An observance of the 50th anniversary of the 1964 desegregation of the Franklin County school system will be held at 2 p.m. Sunday, Jan. 19, at Sewanee Elementary School in Sewanee. Members of the local families who brought the desegregation lawsuit in 1963 will speak briefly, followed by a question and answer session. A historical marker commemorating the event will be unveiled at the ceremony and a reception will follow. The event is part of a series of community-wide events surrounding Martin Luther King Jr. Day.
The Sewanee Civic Association has planned the event honoring the 50th anniversary as a tribute to the Sewanee community and eight local families who played an important role in the historic school integration. During the early to mid-1960s, there were numerous desegregation lawsuits nationwide. However, the local suit was unique in that there were four black and four white families working together; for this reason the NAACP and its legal defense fund embraced the suit.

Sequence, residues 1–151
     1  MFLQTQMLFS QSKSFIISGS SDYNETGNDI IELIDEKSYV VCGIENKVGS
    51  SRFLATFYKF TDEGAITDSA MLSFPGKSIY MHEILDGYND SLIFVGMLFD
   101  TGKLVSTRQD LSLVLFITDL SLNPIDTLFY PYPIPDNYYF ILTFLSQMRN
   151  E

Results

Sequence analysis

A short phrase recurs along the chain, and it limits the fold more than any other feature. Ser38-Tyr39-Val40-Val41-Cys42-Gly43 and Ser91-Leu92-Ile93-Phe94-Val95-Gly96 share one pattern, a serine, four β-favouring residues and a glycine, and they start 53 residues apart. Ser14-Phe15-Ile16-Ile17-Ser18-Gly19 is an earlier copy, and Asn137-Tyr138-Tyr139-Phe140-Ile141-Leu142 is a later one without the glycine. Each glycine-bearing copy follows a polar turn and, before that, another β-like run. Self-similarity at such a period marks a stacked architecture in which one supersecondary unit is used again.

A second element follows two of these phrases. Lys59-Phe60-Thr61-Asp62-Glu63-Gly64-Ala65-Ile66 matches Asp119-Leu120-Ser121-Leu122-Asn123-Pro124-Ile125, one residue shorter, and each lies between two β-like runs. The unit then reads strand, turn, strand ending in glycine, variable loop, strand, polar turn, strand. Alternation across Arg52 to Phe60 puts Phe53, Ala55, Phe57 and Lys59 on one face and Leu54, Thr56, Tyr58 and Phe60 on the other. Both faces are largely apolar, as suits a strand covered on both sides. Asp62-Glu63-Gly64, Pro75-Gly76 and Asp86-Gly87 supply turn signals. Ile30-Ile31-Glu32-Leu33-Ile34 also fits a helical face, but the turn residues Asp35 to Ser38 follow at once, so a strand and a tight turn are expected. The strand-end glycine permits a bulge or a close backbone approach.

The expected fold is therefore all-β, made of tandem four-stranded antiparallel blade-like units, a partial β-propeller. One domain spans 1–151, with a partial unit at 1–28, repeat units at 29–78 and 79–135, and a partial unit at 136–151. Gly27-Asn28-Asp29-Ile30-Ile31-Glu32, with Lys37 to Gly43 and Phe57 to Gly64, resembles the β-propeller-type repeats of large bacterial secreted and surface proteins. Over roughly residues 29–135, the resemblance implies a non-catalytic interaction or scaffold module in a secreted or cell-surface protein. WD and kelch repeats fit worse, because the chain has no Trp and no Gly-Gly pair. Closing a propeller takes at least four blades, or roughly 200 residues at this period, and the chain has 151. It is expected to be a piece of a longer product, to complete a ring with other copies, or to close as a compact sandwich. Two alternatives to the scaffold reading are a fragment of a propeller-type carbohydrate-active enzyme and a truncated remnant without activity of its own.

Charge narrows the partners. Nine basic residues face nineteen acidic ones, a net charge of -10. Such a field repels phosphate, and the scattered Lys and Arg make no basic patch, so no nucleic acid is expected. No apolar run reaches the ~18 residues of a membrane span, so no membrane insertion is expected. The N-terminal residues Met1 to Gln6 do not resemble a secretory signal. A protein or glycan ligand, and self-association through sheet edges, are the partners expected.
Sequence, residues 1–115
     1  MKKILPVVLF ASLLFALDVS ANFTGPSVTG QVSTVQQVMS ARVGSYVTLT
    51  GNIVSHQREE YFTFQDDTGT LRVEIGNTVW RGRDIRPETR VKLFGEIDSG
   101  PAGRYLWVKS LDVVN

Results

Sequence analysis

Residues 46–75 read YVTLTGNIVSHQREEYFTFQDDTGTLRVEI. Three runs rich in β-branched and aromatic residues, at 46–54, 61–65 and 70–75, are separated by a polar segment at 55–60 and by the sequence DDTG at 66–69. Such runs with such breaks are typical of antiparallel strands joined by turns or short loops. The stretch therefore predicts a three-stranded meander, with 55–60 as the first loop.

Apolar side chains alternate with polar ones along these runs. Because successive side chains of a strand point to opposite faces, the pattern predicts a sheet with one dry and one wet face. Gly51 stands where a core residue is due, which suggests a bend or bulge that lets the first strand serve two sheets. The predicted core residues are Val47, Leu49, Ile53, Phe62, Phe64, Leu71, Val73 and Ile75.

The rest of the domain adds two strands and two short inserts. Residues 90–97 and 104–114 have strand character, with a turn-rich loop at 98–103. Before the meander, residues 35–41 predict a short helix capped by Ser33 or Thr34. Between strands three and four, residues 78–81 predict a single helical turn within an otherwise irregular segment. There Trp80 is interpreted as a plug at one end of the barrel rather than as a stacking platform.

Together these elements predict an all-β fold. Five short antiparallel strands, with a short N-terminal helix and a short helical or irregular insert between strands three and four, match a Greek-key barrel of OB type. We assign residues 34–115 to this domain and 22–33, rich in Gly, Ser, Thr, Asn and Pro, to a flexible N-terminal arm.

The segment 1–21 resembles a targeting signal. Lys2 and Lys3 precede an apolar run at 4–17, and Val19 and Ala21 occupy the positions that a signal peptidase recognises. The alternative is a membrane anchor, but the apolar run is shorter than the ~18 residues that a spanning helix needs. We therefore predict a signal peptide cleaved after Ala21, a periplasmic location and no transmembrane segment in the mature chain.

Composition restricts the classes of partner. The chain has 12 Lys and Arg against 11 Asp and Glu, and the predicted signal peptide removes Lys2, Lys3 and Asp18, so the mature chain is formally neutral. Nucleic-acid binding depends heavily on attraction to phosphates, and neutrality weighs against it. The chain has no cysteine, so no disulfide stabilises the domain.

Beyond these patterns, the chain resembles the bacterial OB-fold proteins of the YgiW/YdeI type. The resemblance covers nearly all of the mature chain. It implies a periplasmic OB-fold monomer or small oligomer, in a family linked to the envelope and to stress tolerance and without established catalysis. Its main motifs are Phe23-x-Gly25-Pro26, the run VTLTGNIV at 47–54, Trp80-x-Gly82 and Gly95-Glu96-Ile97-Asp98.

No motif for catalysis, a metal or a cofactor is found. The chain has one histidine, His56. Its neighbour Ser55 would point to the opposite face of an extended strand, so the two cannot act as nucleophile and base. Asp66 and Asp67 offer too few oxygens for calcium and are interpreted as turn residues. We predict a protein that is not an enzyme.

The families that bonded to make history were the African American families of Hill, Sisk, Staten and Turner and the white families of Bates, Cameron, Camp and Goodstein.
To further strengthen the case for integration, the Sewanee community banded together to provide funding for construction to enlarge the physical plant of the school, and facilitated a tutoring program to ensure that all students would thrive in the newly integrated public school.
A permanent Tennessee state historical marker will be placed on University Avenue at the Sewanee Elementary School.
The program will commence with the majority of speakers inside the elementary school and will move outside for the historical marker’s unveiling and dedication by John McCardell, vice-chancellor of the University of the South. At the conclusion, attendees are invited to enjoy a reception in Brooks Hall at Otey Parish across the street from the elementary school.